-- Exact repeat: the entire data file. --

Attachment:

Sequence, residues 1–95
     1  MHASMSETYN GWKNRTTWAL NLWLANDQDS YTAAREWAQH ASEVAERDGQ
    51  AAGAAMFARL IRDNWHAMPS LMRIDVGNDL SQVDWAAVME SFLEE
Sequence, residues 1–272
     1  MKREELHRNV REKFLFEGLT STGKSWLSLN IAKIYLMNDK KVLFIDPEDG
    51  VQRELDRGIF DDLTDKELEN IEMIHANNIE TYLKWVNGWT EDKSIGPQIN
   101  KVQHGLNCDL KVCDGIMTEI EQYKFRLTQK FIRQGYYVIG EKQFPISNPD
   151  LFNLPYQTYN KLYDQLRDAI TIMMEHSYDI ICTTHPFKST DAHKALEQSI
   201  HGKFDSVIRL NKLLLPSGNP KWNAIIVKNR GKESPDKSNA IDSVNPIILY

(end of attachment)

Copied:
Sequence, residues 1–95
     1  MHASMSETYN GWKNRTTWAL NLWLANDQDS YTAAREWAQH ASEVAERDGQ
    51  AAGAAMFARL IRDNWHAMPS LMRIDVGNDL SQVDWAAVME SFLEE
Sequence, residues 1–272
     1  MKREELHRNV REKFLFEGLT STGKSWLSLN IAKIYLMNDK KVLFIDPEDG
    51  VQRELDRGIF DDLTDKELEN IEMIHANNIE TYLKWVNGWT EDKSIGPQIN
   101  KVQHGLNCDL KVCDGIMTEI EQYKFRLTQK FIRQGYYVIG EKQFPISNPD
   151  LFNLPYQTYN KLYDQLRDAI TIMMEHSYDI ICTTHPFKST DAHKALEQSI
   201  HGKFDSVIRL NKLLLPSGNP KWNAIIVKNR GKESPDKSNA IDSVNPIILY